Pro athletes compartmentalize emotions. That doesn’t mean returning to the field after Hamlin’s collapse will be easy.


Injuries are common in high-impact sports like football. But rarely has there been a medical episode as painful. As Buffalo Bills safety Damar Hamlin’s cardiac arrest during a game. This week, something NFL players will remember when they take the field this weekend.

Finding support isn’t always easy.

“It’s scary,” Detroit Lions running back De’Andre Swift told reporters in a locker room interview. “We see injuries week in and week out. But something like this, you’re talking about a life-and-death situation. It’s a different kind of hit.”

Sports psychologists say that to play , athletes need to be skilled as well as mentally. Whether it’s nerves on the Olympic stage or pressure in their personal lives. They can focus on their sport – they need to be able to compartmentalize their emotions.

Some NFL players said they were struggling to do the same after Hamlin’s fall Monday night.

Calais Campbell, a defensive end for the Baltimore Ravens told. The New York Times that the injury Hamlin suffered before. His cardiac arrest made him question whether football was worth the risk.

“I kept thinking that I had faced hundreds of times like this and I was good. But what if I’m not good next time?” Campbell said Wednesday.

Although doctors haven’t revealed exactly what happened to Hamlin. It’s believed he experienced a rare phenomenon called. Commotion cordis, in which a blunt force hit the chest during a very specific window of a heartbeat cycle, knocking it out of rhythm. Although the condition may be serious, Buffalo Bills reported Thursday. That Hamlin is showing “significant” improvement and appears to be “intact.”

John Hale, a clinical and sports psychologist in Roanoke, Virginia. Said that commotion cordis is so unusual that it should be a consolation for NFL players.

Still, he added, because it’s rare doesn’t mean athletes should be reassured.

“It’s a good logical argument, but logical reasoning doesn’t always win over emotion,” he said.

Hale said players seek support so they can process. How they’re feeling — not so they can play better but, more , for their safety. In the 1980s, he was studying concussions on a football team. The University of Utah when a player died of a sudden heart attack. Weeks later, the number of concussions among the player’s grieving teammates increased, Hill said.

Yet seeking support is not always easy.

“What we’re taught to do in this game, because it’s such a ‘manly’ game. Is to hide your feelings, hide your emotions.” Los Angeles Rams linebacker Bobby Wagner told reporters Wednesday.

“it’s a myth,” he said. “Talking about your feelings and talking about things that affect you. Is more masculine than anything because it takes a lot of courage to talk about these things.”

Still, football culture has become more sensitive over the years. The mental health needs of its players, said Bill Triplett, 82, a 10-year NFL veteran.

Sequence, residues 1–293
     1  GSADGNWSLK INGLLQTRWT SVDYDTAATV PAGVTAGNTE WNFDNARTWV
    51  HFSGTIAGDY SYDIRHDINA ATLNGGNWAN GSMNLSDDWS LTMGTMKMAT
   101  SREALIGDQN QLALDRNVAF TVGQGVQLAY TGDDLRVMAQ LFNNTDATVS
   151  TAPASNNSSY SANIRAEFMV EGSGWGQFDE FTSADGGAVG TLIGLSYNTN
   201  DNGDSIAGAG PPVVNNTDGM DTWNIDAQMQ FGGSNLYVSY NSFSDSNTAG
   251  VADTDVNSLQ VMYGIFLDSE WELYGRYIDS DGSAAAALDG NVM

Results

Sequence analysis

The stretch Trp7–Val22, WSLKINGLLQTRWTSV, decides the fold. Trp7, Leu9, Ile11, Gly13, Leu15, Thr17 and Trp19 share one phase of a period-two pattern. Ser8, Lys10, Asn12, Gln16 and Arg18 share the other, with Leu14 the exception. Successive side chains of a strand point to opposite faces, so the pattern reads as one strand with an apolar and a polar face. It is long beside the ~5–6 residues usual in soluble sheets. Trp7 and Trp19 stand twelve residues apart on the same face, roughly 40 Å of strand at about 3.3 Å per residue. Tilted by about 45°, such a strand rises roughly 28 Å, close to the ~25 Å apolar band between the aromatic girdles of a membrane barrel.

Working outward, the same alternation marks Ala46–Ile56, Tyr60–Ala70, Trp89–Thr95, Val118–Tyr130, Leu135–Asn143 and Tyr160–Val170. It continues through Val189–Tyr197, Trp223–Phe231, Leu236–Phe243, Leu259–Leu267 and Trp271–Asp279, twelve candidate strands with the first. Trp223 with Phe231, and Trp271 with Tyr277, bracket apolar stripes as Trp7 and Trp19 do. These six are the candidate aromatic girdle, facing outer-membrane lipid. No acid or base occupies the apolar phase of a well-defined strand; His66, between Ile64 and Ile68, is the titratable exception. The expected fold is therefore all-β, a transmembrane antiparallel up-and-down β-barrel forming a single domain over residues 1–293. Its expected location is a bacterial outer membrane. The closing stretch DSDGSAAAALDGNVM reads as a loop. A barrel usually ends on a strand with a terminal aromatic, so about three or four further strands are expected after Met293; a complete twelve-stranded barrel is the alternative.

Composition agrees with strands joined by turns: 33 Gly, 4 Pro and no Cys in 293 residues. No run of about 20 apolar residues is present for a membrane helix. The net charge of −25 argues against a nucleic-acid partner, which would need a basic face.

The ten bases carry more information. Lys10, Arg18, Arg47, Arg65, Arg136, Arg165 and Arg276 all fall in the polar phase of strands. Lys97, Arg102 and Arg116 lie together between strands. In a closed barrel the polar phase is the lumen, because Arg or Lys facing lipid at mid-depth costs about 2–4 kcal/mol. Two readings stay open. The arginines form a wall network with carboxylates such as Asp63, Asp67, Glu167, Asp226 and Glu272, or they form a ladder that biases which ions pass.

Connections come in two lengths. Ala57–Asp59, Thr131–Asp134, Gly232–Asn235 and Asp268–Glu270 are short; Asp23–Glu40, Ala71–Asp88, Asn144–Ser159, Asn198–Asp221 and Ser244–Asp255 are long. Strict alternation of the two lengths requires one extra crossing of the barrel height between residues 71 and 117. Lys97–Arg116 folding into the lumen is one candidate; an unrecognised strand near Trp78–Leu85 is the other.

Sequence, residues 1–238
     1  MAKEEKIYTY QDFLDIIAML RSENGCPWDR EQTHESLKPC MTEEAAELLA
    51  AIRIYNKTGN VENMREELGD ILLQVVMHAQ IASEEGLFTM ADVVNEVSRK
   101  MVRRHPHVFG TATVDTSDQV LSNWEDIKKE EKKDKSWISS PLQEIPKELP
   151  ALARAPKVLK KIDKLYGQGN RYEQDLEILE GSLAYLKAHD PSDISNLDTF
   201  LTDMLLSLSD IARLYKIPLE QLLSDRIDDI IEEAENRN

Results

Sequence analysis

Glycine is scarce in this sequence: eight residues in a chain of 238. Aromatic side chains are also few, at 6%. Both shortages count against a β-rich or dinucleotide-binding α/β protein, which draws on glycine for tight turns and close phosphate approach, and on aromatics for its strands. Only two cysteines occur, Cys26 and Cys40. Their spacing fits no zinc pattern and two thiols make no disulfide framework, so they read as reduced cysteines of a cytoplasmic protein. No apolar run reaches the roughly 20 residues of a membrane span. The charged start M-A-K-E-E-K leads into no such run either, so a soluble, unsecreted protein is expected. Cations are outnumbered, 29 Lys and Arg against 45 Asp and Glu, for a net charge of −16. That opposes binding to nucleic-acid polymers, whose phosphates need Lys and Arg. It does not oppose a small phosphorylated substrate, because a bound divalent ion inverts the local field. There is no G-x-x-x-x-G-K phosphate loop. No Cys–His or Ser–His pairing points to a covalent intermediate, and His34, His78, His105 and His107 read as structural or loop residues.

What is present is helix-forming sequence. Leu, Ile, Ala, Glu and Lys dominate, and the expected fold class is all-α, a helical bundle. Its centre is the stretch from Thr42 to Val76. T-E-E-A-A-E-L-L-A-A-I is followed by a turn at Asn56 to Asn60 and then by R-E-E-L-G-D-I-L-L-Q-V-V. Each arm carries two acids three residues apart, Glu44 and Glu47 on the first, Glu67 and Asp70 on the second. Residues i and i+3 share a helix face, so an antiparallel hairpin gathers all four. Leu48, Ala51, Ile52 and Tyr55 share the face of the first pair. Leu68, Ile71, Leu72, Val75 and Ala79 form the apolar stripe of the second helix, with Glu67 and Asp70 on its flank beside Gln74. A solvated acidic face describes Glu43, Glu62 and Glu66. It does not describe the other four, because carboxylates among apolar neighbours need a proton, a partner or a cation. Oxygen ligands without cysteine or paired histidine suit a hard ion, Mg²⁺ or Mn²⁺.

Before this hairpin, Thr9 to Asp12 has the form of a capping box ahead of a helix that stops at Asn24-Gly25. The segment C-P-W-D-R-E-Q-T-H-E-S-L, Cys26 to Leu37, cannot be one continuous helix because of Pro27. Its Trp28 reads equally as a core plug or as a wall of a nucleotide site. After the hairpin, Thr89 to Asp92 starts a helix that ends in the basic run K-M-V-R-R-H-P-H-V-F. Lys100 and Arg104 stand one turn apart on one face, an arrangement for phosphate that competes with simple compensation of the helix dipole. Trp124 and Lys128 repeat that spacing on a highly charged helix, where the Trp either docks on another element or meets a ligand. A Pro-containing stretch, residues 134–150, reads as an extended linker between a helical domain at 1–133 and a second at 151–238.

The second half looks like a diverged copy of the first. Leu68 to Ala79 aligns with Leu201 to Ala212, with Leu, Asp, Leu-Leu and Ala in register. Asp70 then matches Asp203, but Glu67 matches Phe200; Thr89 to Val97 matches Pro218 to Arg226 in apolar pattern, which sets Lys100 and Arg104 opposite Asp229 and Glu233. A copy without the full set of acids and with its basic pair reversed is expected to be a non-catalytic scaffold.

In 1971, Triplett was a running back with the Detroit Lions. When his close friend and teammate, Chuck Hughes, died of a heart attack. Hughes becoming the only NFL player to die on the field during a game. There were 62 seconds left in the game when Hughes clutched his chest and fell to the ground. After an ambulance took him off the field, the game resumed in front of a shocked crowd.

“It was a given,” Triplett said.

He said he ended his football career within a year of Hughes’ death. And can now relate to players who are questioning the dangers of football.

“It was a shock to me,” Triplett said of Hughes’ death. “I decided it wasn’t worth it.”

Although elite athletes have excellent emotional performance skills that help them overcome distractions. They are often not taught what to do with their emotions once competition is over.

“They’ve been told their whole lives, ‘Compartmentalize. When you put on the helmet. When you cross the line, everything in your life goes away,'” Said Mark Awagi. Who has provided sports psychology services to NFL players. And is a professor of sports and performance psychology at the University. co-director. Denver. “When I go out on the field, how do I pick up those things and deal with it?”

A built-in support system – if players choose to use it.

Aoyagi advises athletes to identify what they are feeling. And recognize the intensity of the emotion. He encourages conversations with teammates. Who can provide a built-in support system if athletes are open with each other. Whether through conversations with the whole team or small groups.

Every NFL player has a different range of past experiences. And coping mechanisms that will affect. How they feel about their next game after what happened to Hamlin, experts said.

“One of the advantages of a fast-moving game is that it keeps your attention,” Hale said. “It’s a matter of jumping in.”

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